King Lionheart’s heart undergoes forensic exam

Published on March 4th, 2013 | by Admin

0
Church_of_Fontevraud_Abbey_Richard_I_effigy

Researchers have analysed 2 grams of material taken from the the heart of King Richard I, known as King Lionheart.

For their analysis of Richard’s embalmed heart published today in Scientific Reports2, Charlier and his team took just 2 grams of the heart’s powdered remains and subjected it to a battery of tests. Scanning electron microscopy identified pollen grains from myrtle, mint and other known embalming plants, as well as poplar and bellflower, which were in bloom when the king died.

Elemental analysis turned up high concentrations of calcium, suggesting that lime may have been used as a preservative. Mass spectrometry identified organic molecules characteristic of creosote and frankincense, both used for preserving tissue.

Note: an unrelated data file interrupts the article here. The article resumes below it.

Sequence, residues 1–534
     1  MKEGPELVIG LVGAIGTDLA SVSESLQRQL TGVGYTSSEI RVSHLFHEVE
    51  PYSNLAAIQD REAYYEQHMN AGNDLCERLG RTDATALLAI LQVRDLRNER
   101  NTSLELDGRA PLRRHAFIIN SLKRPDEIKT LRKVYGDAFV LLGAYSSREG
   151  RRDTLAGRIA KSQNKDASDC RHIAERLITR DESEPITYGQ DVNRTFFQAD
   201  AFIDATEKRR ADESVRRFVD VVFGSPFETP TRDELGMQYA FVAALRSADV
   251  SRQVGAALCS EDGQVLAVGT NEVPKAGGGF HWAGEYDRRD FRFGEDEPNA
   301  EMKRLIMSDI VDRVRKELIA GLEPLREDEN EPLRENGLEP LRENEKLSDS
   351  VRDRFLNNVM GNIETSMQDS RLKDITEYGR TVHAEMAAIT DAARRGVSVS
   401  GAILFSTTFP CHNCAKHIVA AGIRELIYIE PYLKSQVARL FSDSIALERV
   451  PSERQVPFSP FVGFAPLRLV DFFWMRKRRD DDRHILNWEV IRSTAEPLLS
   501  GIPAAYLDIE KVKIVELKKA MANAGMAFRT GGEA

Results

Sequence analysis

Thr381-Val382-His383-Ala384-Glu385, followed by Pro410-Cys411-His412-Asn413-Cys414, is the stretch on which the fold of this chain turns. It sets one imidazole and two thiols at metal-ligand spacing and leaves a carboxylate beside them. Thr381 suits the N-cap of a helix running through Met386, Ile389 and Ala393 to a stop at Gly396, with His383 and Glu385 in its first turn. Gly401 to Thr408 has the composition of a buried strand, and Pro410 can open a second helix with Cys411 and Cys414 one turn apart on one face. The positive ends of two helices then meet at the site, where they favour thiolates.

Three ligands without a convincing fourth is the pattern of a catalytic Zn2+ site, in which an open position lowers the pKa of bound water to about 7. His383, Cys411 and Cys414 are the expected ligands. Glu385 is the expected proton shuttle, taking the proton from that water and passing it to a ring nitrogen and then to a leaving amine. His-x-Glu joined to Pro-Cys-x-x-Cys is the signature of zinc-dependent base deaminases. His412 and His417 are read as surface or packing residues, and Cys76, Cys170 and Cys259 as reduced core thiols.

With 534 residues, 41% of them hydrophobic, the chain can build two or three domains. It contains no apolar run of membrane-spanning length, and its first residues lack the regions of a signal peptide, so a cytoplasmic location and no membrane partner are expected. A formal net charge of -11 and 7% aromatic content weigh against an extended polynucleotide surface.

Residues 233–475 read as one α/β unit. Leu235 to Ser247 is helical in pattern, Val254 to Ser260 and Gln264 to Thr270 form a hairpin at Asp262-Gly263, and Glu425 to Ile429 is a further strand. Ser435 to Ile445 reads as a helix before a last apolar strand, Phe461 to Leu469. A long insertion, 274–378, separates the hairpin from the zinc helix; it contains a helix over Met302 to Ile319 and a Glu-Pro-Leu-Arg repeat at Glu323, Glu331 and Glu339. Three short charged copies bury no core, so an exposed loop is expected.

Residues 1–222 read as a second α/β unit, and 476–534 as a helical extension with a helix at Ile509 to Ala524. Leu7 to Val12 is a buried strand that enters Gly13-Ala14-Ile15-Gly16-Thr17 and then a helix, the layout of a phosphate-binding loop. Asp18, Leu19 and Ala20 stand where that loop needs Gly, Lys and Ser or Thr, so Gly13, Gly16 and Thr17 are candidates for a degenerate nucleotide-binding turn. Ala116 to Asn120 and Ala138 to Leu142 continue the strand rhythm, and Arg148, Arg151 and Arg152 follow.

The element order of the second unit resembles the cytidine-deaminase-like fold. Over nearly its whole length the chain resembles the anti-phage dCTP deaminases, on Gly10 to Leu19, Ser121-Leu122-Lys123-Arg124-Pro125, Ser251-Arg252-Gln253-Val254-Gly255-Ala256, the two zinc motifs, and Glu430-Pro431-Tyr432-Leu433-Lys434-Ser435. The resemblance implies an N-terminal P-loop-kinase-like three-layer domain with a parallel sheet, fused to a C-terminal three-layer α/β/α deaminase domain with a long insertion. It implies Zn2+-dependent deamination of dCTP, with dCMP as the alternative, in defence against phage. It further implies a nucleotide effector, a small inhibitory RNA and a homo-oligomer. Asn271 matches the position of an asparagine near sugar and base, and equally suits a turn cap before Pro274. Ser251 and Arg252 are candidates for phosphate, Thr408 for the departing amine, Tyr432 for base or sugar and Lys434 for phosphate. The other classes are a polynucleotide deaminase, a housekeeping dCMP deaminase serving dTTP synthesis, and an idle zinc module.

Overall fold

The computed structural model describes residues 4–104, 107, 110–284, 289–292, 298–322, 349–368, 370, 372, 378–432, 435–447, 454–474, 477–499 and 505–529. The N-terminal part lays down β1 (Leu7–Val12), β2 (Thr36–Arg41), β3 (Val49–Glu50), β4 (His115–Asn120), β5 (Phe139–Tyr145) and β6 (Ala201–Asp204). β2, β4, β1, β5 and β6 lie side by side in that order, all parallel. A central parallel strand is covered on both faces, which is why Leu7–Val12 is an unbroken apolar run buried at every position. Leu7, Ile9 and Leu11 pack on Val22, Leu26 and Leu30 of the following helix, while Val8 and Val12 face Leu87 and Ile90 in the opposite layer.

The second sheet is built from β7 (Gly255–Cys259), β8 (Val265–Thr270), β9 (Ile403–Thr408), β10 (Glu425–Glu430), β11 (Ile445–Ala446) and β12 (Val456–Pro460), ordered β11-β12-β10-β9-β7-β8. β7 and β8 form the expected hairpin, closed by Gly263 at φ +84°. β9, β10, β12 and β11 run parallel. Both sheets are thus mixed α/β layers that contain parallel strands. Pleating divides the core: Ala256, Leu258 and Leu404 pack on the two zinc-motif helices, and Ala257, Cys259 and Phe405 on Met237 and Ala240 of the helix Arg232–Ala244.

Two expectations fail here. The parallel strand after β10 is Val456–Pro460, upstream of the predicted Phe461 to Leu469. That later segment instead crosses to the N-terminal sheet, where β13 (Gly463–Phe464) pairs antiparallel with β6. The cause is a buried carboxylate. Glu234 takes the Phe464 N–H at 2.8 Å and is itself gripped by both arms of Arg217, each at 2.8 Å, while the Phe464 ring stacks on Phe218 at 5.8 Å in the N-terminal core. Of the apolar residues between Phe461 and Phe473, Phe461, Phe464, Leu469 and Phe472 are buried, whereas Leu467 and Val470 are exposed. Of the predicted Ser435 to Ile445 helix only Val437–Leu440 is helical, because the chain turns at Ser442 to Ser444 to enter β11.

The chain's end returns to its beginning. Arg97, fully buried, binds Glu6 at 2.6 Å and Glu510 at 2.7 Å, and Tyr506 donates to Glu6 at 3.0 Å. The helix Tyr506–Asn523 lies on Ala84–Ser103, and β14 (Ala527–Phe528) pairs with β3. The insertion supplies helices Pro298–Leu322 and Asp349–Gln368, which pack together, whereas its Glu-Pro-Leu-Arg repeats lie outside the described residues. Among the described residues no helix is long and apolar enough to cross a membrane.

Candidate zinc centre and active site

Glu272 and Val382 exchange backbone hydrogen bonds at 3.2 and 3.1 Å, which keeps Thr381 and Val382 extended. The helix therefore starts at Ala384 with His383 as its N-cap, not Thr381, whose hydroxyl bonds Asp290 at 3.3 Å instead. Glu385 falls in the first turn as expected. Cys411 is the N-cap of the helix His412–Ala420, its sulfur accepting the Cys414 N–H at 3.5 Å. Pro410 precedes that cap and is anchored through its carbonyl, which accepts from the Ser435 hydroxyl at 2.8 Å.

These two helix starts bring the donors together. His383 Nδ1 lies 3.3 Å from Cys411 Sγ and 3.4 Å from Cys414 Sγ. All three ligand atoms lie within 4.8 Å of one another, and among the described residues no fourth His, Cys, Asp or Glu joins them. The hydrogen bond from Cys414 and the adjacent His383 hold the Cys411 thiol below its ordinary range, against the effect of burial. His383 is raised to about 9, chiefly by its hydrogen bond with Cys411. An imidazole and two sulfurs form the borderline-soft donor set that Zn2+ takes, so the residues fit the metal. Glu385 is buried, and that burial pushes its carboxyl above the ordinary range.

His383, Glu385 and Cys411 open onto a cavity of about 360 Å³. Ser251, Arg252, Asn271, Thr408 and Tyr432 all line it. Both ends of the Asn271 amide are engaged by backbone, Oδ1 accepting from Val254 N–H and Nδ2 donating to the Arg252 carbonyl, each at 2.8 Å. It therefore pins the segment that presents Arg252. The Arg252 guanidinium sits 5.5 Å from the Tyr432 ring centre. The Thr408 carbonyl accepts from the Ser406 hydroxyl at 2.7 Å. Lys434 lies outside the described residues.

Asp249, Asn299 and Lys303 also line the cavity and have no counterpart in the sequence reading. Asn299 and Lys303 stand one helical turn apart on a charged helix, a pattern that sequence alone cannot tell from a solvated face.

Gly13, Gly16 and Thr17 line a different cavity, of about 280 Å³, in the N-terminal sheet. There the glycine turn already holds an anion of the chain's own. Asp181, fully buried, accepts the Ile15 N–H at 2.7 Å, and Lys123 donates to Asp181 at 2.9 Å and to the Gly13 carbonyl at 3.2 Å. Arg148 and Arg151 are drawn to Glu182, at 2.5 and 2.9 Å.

The scientists also found bacteria, although none could be related to Richard’s cause of death. “We were surprised to get so much information,” says Charlier. He believes that this is the first forensic analysis of an embalmed heart ever done and the first physical evidence of ancient embalming using frankincense.

[Full story]

Story: Mark Peplow, Nature | Photo: Wikimedia Commons

Tags: , , ,



Leave a Reply

Your email address will not be published. Required fields are marked *

  • Follow me on Twitter!   Subscribe to my RSS feed!
     
  • Question of the Moment

    History in the making. November 8, 2016.

    View Results

    Loading ... Loading ...
  • Like us on Facebook

  • Art Artifacts Bones Burials China Construction Egypt Egyptians England Food & Drink Fossils Humans Italy Medieval Remains Romans Scotland Shipwrecks Technology Tombs Turkey Underwater WWII
  • Archives